Part of Washington's success stemmed from a wily negotiating strategy. For instance, to get its new expanded Blue Box, Washington distracted developing countries' attention by putting forward its demand that they reduce their de minimis domestic supports, that is, the allowable rate of subsidisation of their production. Thrown on the defensive, these countries spent much energy justifying their subsidies, so that they were only too relieved when the U.S. stepped back to compromise on the issue in return for their agreeing to the expansion of the Blue Box. Similarly, just before the G.C. meeting, the E.U. suddenly brought in the category of "Sensitive Products" to protect some 20-40 per cent of its products from significant tariff cuts. Worried that the E.U. might put blocks to their demand for protected Special Products essential to their food security, the developing country negotiators acquiesced.

BUT the key to the victorious U.S. strategy was bringing in Brazil and India to be part of the core group of the negotiations, then acceding to these countries' core demands in order to detach them from the rest of developing countries. India's key concern was to avoid the so-called "Swiss formula" for cutting tariffs that would require it to bring down its agricultural tariffs substantially, something on which it saw eye to eye with the E.U. According to one developing country negotiator protecting its tariffs was India's main focus at the G.C., and it was not going to push hard on the issue of eliminating agricultural subsidies so as not to endanger the E.U.'s support for its position on tariffs. (The Indian government's position on subsidies had been watered down by its informal alliance with the E.U. on the tariff issue after the Doha Ministerial before the E.U. abandoned the Indians to align themselves to a common position with the U.S. in the period leading up to Cancun. Both the E.U. and India were comfortable with a "Uruguay Round" approach to tariff cuts as they regarded their average tariff level as high enough for them to stomach another round of this type of cuts. There were developing countries, however, with much lower tariff averages, for which even a Uruguay Round approach would be too drastic, for instance, Honduras, Sri Lanka, Indonesia.)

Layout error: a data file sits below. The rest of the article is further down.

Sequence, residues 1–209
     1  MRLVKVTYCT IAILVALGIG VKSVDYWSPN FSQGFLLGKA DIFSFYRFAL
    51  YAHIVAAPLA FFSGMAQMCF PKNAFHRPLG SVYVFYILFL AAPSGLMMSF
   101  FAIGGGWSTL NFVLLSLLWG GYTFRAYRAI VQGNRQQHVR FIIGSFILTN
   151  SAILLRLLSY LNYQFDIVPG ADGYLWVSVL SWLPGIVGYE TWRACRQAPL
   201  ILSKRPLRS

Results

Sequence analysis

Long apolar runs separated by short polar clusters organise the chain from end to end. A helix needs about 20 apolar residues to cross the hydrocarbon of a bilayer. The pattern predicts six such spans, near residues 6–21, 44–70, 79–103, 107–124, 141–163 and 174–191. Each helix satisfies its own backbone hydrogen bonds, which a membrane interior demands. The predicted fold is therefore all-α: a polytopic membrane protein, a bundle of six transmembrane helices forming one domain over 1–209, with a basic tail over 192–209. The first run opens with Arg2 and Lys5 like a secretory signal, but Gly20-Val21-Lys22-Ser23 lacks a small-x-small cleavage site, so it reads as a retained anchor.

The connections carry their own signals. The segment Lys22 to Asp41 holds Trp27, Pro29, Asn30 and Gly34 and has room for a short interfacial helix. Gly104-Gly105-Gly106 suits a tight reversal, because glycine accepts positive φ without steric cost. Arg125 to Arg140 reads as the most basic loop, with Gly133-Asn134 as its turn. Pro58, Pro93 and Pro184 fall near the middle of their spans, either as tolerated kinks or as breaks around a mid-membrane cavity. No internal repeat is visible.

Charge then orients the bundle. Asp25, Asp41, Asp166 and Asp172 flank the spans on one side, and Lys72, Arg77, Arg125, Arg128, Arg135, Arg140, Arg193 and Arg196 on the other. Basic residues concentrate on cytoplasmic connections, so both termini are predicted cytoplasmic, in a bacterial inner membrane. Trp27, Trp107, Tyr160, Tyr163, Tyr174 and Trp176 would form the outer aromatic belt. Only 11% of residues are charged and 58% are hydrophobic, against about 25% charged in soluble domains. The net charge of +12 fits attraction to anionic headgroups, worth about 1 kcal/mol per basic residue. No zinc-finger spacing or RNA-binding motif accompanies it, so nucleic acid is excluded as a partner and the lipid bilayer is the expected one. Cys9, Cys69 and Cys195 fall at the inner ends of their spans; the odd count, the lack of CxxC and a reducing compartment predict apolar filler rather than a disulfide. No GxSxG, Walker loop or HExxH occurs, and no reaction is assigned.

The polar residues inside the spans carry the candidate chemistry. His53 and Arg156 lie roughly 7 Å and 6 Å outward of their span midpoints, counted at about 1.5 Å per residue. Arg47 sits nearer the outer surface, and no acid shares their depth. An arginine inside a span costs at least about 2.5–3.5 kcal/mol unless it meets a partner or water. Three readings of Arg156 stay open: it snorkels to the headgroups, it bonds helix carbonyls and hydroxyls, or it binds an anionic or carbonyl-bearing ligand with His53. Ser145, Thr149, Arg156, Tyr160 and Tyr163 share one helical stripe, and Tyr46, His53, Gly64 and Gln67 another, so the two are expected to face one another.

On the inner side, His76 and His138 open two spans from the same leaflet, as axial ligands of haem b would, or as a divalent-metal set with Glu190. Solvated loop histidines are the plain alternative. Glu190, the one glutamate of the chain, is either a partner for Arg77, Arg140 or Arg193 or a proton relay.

On the other hand, removing agricultural subsidies was Brazil's concern, and here it got its way. The final text affirmed the phase-out of export subsidies as well as certain categories of export credits. The big gainer with the phase-out of subsidies is said to be Brazil, with some estimates placing its gains at some $10 billion. According to Celso Amorim, the July decision marked the "beginning of the end" of export subsidies. Yet the Brazilian "gains" are not secure unless locked in by the modalities of the negotiations. A specific end-date for the elimination of export subsidies will only be clinched in the next phase of discussions. Moreover, even when elimination has supposedly taken place, the E.U. has after all been known to replace export subsidies with indirect export subsidies by way of direct payments to farmers under the Green Box. This is also the intention of the current Common Agricultural Policy (CAP) reform. Furthermore, the framework leaves untouched the Green Box, which houses up to 70 per cent of U.S.' total subsidies. Even the most optimistic analysts cannot say for certain that overall levels of support from the two agricultural giants will be brought down. In fact, it is predicted that subsidy levels will be maintained if not increased.

Nevertheless, for now, Brazilian agribusiness is very happy. Indeed, it was the pressure of Brazilian agribusiness that allegedly forced Celso Amorim to clutch hard on the subsidy issue at the expense of a strong defence of developing country interests in other areas. Having gained nothing from failed negotiations on the FTAA and on E.U.-Mercosur trade pact, Brazilian agro-exporters were hungry for a successful WTO agreement that would enable them to hike their exports to the E.U. and the U.S.

Among those that were left disadvantaged from India and Brazil placing their specific interests in command were: